Honestly, if I have the choice between a placebo effect or some medication that has major side-effects (ie: damage to the liver/kidney), I will take the placebo. If one can elicit a placebo effect without the dangers of medication side-effects, why is that a bad thing?

    For example, morphine does exactly zero for me with regards to pain management. When I had a pooched back (bulged lower lumbar), it did absolutely nothing, yet a regular ibuprofen did more. I tell you, I would have welcomed a placebo effect. All the morphine did was give me a headache and make my pi$$ stink like a S.o.B.


  • Not so fast (Score:5, Insightful)

    by Suddenly_Dead ( 656421 ) on Thursday December 23, 2010 @12:23PM (#34652288)

    As pointed out by Orac [scienceblogs.com], things are nowhere as simple here as they've been presented. There was still an establishment of expectation of the treatment working, which is exactly one would expect would elicit the placebo effect.

    ...the investigators deceived their subjects to induce placebo effects. Here's how they describe what they told their patients:

    Patients who gave informed consent and fulfilled the inclusion and exclusion criteria were randomized into two groups: 1) placebo pill twice daily or 2) no-treatment. Before randomization and during the screening, the placebo pills were truthfully described as inert or inactive pills, like sugar pills, without any medication in it. Additionally, patients were told that "placebo pills, something like sugar pills, have been shown in rigorous clinical testing to produce significant mind-body self-healing processes." The patient-provider relationship and contact time was similar in both groups. Study visits occurred at baseline (Day 1), midpoint (Day 11) and completion (Day 21). Assessment questionnaires were completed by patients with the assistance of a blinded assessor at study visits.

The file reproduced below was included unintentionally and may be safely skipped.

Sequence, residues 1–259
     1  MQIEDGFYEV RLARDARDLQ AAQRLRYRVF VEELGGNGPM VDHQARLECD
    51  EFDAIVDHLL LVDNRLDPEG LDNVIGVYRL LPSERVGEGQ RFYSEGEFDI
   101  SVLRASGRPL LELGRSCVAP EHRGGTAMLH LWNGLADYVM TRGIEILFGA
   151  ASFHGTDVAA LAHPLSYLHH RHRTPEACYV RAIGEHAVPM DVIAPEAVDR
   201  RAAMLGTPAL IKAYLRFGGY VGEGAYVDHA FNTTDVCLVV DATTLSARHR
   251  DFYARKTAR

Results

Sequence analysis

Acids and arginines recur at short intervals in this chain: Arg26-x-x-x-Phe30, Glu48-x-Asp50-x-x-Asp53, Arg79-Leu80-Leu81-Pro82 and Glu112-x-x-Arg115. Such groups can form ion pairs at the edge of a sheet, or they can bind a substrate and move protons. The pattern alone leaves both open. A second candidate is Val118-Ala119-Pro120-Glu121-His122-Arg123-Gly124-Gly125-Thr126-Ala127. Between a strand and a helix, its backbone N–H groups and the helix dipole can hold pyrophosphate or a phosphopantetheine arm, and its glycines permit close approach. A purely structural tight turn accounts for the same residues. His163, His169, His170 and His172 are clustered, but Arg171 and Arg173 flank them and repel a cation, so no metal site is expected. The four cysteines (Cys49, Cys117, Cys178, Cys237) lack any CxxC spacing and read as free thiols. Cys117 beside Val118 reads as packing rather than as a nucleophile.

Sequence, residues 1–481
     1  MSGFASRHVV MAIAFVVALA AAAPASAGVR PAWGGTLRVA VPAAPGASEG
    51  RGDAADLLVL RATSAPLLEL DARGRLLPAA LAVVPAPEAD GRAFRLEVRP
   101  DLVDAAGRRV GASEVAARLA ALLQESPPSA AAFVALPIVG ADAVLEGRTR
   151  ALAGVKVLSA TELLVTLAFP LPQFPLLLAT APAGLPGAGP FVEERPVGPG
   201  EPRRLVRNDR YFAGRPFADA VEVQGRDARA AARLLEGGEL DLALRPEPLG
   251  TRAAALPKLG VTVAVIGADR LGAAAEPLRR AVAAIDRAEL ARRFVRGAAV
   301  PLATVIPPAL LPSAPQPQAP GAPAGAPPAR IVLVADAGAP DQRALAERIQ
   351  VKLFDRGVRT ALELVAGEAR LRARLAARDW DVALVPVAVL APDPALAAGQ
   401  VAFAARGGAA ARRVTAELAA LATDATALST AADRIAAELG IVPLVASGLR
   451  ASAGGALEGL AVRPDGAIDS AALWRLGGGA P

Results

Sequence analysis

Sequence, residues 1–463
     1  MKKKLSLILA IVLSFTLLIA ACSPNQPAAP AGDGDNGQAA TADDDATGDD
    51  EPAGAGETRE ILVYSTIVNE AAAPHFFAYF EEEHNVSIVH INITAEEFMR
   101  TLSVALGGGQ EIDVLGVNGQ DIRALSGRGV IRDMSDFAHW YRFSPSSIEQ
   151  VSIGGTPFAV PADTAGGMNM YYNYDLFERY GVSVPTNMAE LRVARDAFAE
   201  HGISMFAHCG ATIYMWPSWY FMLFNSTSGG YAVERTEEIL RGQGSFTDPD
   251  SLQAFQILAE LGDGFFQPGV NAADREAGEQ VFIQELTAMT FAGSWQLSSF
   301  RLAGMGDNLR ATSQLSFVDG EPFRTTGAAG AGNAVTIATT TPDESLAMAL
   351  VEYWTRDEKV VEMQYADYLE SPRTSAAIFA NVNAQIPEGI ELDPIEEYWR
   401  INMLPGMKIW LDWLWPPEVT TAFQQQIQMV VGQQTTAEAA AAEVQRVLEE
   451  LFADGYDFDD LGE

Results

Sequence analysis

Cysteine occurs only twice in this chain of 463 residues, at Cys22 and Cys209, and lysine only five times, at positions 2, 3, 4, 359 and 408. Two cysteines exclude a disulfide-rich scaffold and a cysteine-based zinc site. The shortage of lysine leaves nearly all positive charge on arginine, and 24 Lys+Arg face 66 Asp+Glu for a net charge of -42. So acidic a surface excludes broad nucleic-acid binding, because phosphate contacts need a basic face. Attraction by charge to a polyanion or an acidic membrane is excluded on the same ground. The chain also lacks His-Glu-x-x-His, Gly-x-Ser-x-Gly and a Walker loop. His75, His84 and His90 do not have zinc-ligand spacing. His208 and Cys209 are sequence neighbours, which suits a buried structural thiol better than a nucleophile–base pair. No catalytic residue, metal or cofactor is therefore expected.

Moreover, the investigators recruited subjects thusly:

    Participants were recruited from advertisements for "a novel mind-body management study of IBS" in newspapers and fliers and from referrals from healthcare professionals. During the telephone screening, potential enrollees were told that participants would receive "either placebo (inert) pills, which were like sugar pills which had been shown to have self-healing properties" or no-treatment.

    Even the authors had to acknowledge that this was a problem:

    A further possible limitation is that our results are not generalizable because our trial may have selectively attracted IBS patients who were attracted by an advertisement for "a novel mind-body" intervention. Obviously, we cannot rule out this possibility. However, selective attraction to the advertised treatment is a possibility in virtually all clinical trials.

    In other words, not only did Kaptchuk et al deceive their subjects to trigger placebo effects, whether they realize or will admit that that's what they did or not, but they might very well have specifically attracted patients more prone to believing that the power of "mind-body" interactions. Yes, patients were informed that they were receiving a placebo, but that knowledge was tainted by what the investigators told them about what the placebo pills could do.

  • by locofungus ( 179280 ) on Thursday December 23, 2010 @12:56PM (#34652676)

    Don't understand your comment.

    I have to say I wasn't aware that "placebos work even without deception" was new but perhaps this is the first rigorously controlled trial.

    I've seen stuff before like "What should you tell your patient?" with suggestions like:

    "Nobody understands why it works but in one in three cases, just taking one of these sugar pills three times a day can help with the symptoms."